Remembering Raymond A. Wilson ‘43

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We are sad to report that long-time supporter and alumnus Raymond Wilson ’43 passed away at the age of 98 on August 2, 2020.

“Ray Wilson was a great supporter of our department and he will always be remembered for his unwavering support of undergraduate research and bringing top scholars to our department,” said Professor Richard Kaner, whose research the Wilsons have supported for several years.

Chemistry grabbed hold of Raymond A. Wilson as a teenager, and never let go.  Born in Boyle Heights and raised in Inglewood, Wilson recalled having a “bent for the sciences,” and in high school he took all the science courses that were offered. He enrolled at UCLA in 1939 and never wavered from his decision to major in chemistry. He graduated in 1943.


In his first two years as a Bruin, Wilson was a member of the UCLA Rally Committee. He helped organize the massive card tricks at football games and decorate the goal posts in blue and gold. When the U.S. entered the war in 1941, many such extracurricular activities were curtailed. Around that time, Wilson began working in the Chemistry Department to help pay for his tuition and his small rented room near campus.  

Although he graduated over seventy years ago, he has enduring memories of several UCLA chemistry professors who profoundly affected his life. Among them were Professors Charles D. Coryell and James D. McCullough, who team-taught an introductory chemistry course. “The two of them really convinced me I was in the right place, that chemistry was the right subject for me,” Wilson said.  And there was Prof. James B. Ramsey, who taught physical chemistry. “He was very demanding and gave us pop quizzes once or twice a week,” Wilson recalled. “You always did your homework in that class–or else.”  

Wilson graded papers for pioneering organic chemist Saul Winstein, and worked as an assistant to Professor William R. Crowell, a professor of quantitative analysis. Wilson has shared that a particular event stood out in his memory. One evening during a rare war-related blackout, a light bulb that maintained a constant-temperature bath for experiments kept flashing on and off. Thinking it might be a code transmission of some sort; the authorities swiftly arrived and unplugged the bulb–causing all of the experiments to fail. To prevent a repeat of this mishap, Wilson was immediately assigned to find an alternative heat source for the constant-temperature bath.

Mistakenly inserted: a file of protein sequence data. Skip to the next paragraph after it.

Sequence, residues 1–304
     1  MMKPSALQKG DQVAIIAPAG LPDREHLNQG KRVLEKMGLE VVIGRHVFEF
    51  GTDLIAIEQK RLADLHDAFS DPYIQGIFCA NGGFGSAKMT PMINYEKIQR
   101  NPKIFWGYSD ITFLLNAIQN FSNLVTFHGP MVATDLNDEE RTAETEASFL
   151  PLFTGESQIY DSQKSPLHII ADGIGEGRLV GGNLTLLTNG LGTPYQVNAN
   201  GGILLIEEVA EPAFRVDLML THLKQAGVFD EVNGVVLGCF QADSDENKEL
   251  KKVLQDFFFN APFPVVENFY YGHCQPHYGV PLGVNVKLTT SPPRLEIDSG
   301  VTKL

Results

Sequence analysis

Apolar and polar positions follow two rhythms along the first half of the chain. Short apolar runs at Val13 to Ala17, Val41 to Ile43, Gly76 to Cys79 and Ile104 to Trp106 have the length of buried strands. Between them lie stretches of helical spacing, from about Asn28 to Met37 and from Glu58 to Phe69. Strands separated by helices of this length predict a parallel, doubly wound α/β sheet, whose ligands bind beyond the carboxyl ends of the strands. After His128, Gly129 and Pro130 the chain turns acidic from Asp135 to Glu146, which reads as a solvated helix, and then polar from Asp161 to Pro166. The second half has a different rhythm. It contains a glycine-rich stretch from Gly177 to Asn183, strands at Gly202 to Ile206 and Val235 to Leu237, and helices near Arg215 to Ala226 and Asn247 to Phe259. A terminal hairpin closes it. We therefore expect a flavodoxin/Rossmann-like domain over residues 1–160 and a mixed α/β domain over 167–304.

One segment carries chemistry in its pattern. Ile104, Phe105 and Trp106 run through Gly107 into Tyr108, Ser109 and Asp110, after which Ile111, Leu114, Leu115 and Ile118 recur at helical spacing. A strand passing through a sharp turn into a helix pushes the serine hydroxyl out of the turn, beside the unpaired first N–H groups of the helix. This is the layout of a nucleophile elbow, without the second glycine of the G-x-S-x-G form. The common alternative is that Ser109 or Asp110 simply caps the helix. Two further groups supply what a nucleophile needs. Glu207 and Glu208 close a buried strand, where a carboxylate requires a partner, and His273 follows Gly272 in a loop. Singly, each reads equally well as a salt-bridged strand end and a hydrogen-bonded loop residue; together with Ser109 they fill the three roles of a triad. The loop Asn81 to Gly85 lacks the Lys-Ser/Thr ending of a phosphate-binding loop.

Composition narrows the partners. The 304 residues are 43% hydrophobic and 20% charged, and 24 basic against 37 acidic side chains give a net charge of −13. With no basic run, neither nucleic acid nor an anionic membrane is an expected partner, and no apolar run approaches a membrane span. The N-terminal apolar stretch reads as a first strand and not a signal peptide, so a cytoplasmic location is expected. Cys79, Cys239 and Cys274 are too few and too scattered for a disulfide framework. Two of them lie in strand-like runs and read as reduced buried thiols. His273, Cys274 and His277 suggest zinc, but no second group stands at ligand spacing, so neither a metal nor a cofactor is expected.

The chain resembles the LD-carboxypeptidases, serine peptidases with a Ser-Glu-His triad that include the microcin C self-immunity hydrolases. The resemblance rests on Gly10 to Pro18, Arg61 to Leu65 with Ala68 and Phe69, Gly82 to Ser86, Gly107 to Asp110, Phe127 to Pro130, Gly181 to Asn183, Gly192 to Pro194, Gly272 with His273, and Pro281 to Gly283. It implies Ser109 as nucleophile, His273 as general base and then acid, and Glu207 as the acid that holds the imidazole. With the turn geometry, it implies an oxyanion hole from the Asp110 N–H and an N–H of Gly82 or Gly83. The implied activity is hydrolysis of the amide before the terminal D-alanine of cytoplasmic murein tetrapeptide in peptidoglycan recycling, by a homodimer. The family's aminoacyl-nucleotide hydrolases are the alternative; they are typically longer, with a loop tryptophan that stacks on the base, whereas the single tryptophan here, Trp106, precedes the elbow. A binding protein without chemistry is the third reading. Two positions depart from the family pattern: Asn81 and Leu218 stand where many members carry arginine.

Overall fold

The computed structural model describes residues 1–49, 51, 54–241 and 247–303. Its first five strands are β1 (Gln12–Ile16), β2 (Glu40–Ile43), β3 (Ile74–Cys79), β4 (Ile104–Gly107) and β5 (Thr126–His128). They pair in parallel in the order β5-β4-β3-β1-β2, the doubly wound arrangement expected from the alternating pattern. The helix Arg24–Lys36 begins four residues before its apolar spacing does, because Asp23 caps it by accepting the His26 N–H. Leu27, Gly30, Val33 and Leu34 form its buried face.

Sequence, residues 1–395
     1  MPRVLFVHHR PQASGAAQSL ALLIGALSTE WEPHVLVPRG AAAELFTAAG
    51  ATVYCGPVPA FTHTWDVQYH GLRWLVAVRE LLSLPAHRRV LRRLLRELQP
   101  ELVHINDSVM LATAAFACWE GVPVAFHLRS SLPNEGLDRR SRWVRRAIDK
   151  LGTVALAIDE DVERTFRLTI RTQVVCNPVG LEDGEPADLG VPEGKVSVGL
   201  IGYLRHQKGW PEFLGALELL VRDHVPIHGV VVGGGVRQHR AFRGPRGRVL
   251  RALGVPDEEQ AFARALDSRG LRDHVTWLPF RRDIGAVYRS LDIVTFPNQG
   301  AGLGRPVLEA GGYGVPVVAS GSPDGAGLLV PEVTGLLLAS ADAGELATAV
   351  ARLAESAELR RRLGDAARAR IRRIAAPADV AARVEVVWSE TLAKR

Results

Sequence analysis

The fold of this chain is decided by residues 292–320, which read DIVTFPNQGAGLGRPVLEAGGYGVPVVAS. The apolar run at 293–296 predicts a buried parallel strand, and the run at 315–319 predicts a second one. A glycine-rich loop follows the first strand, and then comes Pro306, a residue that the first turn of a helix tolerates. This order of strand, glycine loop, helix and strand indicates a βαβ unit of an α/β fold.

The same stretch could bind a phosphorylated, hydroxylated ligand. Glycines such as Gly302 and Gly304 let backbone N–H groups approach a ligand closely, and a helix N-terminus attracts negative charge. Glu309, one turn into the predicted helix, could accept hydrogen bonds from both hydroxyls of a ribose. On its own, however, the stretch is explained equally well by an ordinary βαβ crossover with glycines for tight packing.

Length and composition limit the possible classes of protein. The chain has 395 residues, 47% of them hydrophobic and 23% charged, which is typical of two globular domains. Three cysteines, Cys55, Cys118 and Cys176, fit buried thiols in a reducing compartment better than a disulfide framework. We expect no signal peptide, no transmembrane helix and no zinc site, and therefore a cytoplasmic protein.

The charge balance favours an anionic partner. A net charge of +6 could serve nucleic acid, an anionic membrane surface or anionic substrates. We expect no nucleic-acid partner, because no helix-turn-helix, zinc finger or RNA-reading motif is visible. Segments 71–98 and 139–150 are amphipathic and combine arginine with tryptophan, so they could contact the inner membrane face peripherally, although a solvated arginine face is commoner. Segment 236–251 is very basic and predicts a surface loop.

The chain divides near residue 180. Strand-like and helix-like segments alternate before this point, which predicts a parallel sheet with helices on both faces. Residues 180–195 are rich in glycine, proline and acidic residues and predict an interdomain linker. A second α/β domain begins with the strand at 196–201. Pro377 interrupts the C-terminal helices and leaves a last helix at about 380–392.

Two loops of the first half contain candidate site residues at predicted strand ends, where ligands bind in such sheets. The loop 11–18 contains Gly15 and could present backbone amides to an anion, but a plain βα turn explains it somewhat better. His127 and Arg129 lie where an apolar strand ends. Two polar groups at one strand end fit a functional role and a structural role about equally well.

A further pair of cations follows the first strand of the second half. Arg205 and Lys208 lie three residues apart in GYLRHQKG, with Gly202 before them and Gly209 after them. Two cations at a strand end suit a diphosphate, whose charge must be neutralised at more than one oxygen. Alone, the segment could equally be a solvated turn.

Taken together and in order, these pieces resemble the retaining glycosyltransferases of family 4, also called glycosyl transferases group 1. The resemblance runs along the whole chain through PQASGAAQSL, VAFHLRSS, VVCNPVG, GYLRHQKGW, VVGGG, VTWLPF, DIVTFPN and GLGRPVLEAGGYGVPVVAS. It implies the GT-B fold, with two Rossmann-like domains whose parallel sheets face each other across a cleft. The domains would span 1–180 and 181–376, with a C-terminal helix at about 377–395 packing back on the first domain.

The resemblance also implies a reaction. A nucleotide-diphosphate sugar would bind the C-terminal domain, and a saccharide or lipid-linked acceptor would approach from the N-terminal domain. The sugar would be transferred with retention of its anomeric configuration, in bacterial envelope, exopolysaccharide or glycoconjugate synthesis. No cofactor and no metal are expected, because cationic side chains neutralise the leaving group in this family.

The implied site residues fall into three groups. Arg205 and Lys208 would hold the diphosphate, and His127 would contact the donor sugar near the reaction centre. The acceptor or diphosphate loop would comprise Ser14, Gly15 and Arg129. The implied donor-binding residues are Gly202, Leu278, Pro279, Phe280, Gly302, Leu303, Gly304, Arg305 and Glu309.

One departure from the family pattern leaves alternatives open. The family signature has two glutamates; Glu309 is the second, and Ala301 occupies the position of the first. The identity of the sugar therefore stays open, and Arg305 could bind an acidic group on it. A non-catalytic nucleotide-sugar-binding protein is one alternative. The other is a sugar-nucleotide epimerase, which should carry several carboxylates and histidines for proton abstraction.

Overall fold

Wilson credited his UCLA education for giving him an excellent start to an immensely satisfying 40-year career with Shell Oil Company.  “Looking back,” he noted, “I’m tickled pink that I got such a great education, which helped me get a good job straight out of college.”

After he retired, Wilson decided to start giving back to UCLA. In the 1990s, Wilson and his wife, Dorothy (“Dot”) (pictured above), donated a piece of real estate to the Chemistry Department, to help fund the new Chemistry building. During a visit to see the nearly completed building, they were so impressed by Professor Richard Kaner (their tour guide) that they decided to donate funds to support his research–and have done so ever since.

Wilson’s next major gift came in 2001, when he named UCLA as the beneficiary of a large IRA and established the Ray & Dorothy Wilson Endowment in Chemistry, which supports visiting professors and student fellowships in the Department. Over the years, the Shell Oil matching gift program has added generously to the endowment. The Raymond & Dorothy Wilson Inorganic Lecture was initiated in 2019 thanks to an endowment established by the Wilsons. In addition to funding the Raymond & Dorothy Wilson Inorganic Lecture and the Hawthorne Lectures (established in 2004), several undergraduates are able to conduct summer research in our research labs each year thanks to the Raymond & Dorothy Wilson Research Fellowships. 

Through their generosity, Dot and Ray Wilson built a solid legacy in the UCLA Department of Chemistry & Biochemistry that is also a lasting tribute to the chemistry professors who, over seventy years ago, had such a profound impact on a bright young chemistry student.

Penny Jennings, UCLA Department of Chemistry & Biochemistry,